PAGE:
In pursuance of this order, a letter was written to the manager of the applicant company, dated 9 November 1954 calling upon the company to supply information required in the schedule which is reproduced below:--

'SCHEDULE'

1. Number of workmen (i) receiving salary less than Rs. 500, (ii) those receiving Rs. 500 employed by Cement Works, Associated Cement Company, Ltd., Porbandar, separately.

2. Average annual basic wage-bill of the employees at Porbandar receiving salary less than Rs. 500 and above Rs. 500, separately.

3. Total number of workers of the Associated Cement Company, Ltd., throughout India and Pakistan (i) receiving salary less than Rs. 500 and (ii) those receiving above Rs. 500 separately.

4. Average monthly basic wage-bill per item 3 separately.

5. Balance - sheets of the company for the years 1950-51 and 1951-52.

6. Whether the item of salaries and wages of Rs. 221-74 lakhs includes bonus paid in the year 1951-52 for previous years, and if so, the amount of the previous years' bonus paid.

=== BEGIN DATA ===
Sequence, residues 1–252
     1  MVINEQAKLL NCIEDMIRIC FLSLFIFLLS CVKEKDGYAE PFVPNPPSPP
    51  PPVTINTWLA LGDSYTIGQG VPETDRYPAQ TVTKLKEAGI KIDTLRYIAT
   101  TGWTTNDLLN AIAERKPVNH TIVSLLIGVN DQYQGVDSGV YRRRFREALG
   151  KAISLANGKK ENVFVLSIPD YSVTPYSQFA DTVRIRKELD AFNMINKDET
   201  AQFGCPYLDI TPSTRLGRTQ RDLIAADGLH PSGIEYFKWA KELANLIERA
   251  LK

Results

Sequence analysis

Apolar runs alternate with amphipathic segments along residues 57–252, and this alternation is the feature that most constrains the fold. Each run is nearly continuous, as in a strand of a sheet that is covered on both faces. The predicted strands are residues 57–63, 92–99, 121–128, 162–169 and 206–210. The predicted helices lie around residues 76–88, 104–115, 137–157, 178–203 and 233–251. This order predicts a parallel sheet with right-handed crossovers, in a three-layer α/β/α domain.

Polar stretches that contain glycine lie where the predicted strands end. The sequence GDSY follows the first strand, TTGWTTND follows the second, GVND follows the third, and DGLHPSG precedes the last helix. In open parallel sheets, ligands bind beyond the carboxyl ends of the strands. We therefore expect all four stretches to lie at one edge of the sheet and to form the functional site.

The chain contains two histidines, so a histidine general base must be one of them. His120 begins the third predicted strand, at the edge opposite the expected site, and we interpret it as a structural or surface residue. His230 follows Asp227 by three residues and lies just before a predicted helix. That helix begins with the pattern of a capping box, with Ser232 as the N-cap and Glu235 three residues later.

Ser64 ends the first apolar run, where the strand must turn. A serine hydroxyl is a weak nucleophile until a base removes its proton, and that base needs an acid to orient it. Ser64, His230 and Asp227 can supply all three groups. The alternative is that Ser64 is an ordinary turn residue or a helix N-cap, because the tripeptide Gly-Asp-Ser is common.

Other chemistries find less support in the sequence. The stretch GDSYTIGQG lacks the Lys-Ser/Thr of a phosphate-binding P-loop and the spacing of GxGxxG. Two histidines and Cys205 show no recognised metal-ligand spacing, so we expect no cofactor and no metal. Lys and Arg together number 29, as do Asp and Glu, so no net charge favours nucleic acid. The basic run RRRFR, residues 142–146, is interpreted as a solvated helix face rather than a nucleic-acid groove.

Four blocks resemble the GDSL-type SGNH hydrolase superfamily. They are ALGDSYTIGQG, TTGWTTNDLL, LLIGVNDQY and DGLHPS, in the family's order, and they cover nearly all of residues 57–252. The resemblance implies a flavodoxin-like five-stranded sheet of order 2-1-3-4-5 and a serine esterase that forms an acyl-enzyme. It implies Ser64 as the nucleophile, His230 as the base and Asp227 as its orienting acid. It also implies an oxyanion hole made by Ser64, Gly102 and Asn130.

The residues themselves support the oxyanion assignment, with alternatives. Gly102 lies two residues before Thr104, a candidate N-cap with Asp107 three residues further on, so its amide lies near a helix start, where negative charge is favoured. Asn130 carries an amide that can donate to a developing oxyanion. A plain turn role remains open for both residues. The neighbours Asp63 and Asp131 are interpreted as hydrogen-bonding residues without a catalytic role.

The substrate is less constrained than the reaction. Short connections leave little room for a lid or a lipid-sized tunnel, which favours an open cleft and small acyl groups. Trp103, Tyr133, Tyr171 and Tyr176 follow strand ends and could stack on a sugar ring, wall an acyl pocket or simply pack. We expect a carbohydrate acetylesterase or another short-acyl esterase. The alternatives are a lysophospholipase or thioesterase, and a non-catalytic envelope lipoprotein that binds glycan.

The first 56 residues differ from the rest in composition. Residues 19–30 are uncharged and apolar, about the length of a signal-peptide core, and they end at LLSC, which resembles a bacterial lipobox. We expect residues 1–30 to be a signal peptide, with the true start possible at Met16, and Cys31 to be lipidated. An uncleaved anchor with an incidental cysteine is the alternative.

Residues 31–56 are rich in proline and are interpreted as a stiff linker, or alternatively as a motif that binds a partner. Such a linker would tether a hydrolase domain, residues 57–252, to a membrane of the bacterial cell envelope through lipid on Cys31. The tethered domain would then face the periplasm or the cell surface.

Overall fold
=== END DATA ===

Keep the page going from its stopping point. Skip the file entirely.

7. Separate figures of the joint item of Rs. 11-03 lakhs for royalties and duties during the year 1951-52.

8. The separate amount of donations out of the item of general expenses at Rs 7-78 lakhs.

9. Detailed particulars above Rs. 1,000 of the item of 'prospecting expenses' at Rs. 1.22 lakhs.

10. Income tax assessment orders for the years 1950-51 and 1951-52.

It is this order which is being impugned by the applicant.

2. Now Section 11(3) of the Industrial Disputes Act, 1947, reads:--

Every.tribunal shall have the same powers as are vested in a civil court under the Code of Civil Procedure, 1908 (V of 1908), when trying a suit in respect of the following matters, namely,

(b) compelling the production of documents and material objects.

***

The relevant provisions of the Civil Procedure Code are contained in Section 30 and in order XI. Rule 21 of the Industrial Disputes Act framed by the Central Government in exercise of powers conferred by Section 38 of the Industrial Disputes Act says:--

Power of.tribunals--in addition to the powers conferred by Sub-section (3) of Section 11 of the Act,... tribunals shall have the same powers as are vested in a civil court under the Code of Civil Procedure, 1908, when trying a suit, in respect of the following matters, namely:--

(a) discovery and inspection;

***